The entertainment sector in South Africa is expected to continue growing at a faster rate than the overall economy in the coming years, thanks to rising demand for the homegrown subject matter and a growing respect for the country among international directors and producers.
In accordance with a PwC report, South Africa’s movie entertainment business will expand by 6.4% in 2023 and bring in R2.76bn ($240m). The market is projected to grow at a CAGR of 7.1% between 2023 and 2025, with revenues reaching R3.42bn ($295.5m) in the next 3 years.
The South African film sector is doing well largely due to the Department of Trade and Industry’s (DTI) incentive scheme, which helps both local and international productions. Supplemental refunds are available for post-production services performed in the nation, which is just one of the ways the incentives promote filming there. Presently, the DTI estimates that there are about 25,000 jobs in the industry, which is assisting in the expansion of the industry and the local economy by improving the industry’s skill set.
Foreign films with budget allocations of R12m ($1.04m) or higher can take advantage of a 20% revenue tax deduction on filming in the country, up to a maximum of R50m ($4.32m). A further 2.5-5% adjustment is available to those performing post-production work locally, based on the total amount spent. As stated by the DTI, a further incentive program provides a 35% refund for the initial R6m ($518,000) in eligible spending and a 25% cash back on all expenditures afterward.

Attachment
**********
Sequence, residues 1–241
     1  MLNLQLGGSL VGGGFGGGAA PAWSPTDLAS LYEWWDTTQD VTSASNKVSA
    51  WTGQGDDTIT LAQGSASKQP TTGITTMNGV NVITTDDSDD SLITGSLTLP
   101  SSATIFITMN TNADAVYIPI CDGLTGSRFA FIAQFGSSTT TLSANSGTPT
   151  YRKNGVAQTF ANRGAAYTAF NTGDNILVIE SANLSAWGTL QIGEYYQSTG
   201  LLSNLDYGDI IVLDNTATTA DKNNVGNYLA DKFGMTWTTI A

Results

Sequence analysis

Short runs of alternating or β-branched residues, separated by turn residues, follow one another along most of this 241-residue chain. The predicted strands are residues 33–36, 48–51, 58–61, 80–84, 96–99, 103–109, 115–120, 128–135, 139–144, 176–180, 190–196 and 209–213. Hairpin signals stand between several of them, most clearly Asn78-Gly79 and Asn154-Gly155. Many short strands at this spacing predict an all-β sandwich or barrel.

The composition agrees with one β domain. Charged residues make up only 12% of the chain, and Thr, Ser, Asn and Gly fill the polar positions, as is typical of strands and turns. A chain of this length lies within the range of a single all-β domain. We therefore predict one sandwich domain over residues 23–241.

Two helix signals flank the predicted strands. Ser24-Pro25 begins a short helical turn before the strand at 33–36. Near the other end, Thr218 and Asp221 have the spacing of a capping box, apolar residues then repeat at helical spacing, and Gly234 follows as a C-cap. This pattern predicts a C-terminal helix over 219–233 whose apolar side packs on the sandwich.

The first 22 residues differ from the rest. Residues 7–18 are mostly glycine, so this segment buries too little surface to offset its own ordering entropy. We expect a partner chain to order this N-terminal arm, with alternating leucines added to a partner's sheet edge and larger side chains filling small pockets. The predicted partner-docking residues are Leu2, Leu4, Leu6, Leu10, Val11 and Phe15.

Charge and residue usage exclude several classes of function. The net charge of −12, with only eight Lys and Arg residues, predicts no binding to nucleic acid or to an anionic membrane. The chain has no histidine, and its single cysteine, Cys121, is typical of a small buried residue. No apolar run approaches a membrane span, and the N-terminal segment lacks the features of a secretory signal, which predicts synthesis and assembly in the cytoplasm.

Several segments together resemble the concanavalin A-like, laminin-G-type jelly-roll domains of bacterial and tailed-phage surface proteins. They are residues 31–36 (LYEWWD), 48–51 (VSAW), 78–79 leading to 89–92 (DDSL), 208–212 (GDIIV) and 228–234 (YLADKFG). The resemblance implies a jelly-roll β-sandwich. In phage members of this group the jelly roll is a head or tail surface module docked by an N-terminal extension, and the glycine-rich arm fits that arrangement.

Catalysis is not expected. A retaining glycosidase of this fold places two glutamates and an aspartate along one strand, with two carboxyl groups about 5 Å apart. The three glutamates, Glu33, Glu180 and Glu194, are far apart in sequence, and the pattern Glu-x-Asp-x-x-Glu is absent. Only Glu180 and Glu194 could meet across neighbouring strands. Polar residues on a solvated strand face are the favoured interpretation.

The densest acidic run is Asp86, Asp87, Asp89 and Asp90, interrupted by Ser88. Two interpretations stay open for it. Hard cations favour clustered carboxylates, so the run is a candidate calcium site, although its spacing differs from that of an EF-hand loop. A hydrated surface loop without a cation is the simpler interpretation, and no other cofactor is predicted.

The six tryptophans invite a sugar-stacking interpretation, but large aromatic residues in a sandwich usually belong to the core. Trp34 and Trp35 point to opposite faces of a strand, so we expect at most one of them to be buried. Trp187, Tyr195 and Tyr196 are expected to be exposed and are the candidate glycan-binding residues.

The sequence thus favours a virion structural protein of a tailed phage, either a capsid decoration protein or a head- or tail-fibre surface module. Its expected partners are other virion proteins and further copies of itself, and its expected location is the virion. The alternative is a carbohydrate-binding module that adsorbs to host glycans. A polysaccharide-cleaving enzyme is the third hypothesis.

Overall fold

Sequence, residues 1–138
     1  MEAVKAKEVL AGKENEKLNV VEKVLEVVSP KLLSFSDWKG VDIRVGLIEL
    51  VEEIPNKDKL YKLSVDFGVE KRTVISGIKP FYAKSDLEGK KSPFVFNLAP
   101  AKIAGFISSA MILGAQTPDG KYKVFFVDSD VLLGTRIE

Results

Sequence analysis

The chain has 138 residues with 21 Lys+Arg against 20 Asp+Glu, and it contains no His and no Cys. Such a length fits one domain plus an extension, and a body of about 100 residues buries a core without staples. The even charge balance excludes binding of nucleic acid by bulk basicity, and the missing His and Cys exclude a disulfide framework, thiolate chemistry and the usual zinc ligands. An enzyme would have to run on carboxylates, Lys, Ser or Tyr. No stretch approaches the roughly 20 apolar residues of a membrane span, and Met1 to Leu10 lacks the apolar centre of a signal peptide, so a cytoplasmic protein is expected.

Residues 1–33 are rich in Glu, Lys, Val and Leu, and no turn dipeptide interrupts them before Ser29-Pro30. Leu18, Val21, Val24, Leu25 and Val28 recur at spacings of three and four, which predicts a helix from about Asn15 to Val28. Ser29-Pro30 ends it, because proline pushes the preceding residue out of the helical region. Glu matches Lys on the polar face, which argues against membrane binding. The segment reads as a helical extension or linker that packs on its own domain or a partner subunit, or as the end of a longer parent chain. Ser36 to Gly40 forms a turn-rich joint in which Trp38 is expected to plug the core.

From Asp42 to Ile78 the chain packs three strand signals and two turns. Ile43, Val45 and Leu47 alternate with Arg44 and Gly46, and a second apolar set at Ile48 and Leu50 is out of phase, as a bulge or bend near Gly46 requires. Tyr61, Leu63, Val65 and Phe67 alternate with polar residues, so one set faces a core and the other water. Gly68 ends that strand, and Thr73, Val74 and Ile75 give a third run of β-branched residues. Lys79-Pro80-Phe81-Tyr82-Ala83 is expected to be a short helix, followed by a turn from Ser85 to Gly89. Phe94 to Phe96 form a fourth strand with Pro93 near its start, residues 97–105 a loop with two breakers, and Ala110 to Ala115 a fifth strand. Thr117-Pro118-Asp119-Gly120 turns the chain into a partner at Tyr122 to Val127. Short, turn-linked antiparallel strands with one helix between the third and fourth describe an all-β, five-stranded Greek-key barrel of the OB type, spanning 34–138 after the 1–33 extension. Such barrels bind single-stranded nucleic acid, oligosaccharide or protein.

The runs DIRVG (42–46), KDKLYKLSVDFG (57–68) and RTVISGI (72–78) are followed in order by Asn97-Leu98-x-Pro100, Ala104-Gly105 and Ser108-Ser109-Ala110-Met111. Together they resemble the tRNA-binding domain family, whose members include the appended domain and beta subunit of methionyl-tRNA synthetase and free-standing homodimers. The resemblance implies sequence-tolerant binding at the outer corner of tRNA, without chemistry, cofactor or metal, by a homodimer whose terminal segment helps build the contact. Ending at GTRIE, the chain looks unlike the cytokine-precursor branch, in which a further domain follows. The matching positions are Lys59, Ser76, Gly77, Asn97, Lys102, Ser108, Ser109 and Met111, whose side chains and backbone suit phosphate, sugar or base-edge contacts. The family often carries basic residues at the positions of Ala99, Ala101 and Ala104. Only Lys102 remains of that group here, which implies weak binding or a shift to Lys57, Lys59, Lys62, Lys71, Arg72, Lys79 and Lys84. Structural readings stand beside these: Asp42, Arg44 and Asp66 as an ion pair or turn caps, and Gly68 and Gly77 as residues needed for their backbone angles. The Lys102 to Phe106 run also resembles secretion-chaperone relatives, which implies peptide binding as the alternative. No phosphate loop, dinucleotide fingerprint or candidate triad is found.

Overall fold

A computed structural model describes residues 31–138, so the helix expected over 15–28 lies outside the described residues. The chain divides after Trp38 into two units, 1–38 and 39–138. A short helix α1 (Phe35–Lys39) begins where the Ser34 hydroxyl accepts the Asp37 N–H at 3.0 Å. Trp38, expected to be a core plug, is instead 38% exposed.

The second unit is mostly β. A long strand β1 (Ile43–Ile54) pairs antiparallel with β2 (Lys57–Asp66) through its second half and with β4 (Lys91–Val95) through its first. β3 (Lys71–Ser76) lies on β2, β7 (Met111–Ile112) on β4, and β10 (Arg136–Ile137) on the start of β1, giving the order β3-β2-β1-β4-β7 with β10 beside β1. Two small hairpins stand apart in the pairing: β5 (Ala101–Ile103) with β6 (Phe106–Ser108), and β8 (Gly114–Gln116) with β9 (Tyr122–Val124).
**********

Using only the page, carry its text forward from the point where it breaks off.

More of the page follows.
Earnings From Box Office
These rewards are having a significant impact on the economy as a whole, in relation to their intended goal of promoting South African subject matter and expert knowledge. The DTI has invested over R60m ($5.18m), and they approximate that for each R1 ($0.09) invested in filmmaking, a further R3 ($0.26) is expended in the broader economy, successfully tripling their revenue. The lower cost of production is another allure for foreign filmmakers. Recent research conducted by the Gauteng Film Commission found that compared to filming in Europe or the United States, shooting a film in South Africa’s Gauteng Province is 40% lower and approximately 20% cheaper than filming in Australia.
With the rand depreciated by 7% against the dollar, international productions that must adhere to their currency budgets will find that shooting locally is more affordable than ever. South Africa has a lot going for it, including a large pool of skilled workers, a developed infrastructure, and pervasive fluency in English, but the expense associated with traveling there is still a large determinant, particularly for crew members arriving from the United States or Europe.
Movie and televised network operator Silverline360 CEO Charl van der Merwe predicts an uptick in international productions filming in South Africa thanks to the DTI’s backing and the nation’s other competitive benefits. Particularly if you’re serving the needs of foreign production houses, he told us that, “it’s an interesting opportunity for those in the television and film business.” Expanding our production capabilities to meet rising demand will require us to shift our attention to bolstering our proposition throughout the whole value chain. An increase in homegrown content production as a result of the local sector’s development is also anticipated to contribute to the development of the market.
Christine, country director for the Walt Disney Company in Africa, argues that quality content with broad appeal is essential for the growth of South Africa’s creative field. The artistic community, she told us, “must create content that has the possibility of reaching further than only one nation or market” in order to be fruitful and receive funding for the innovation of content with excellent production values.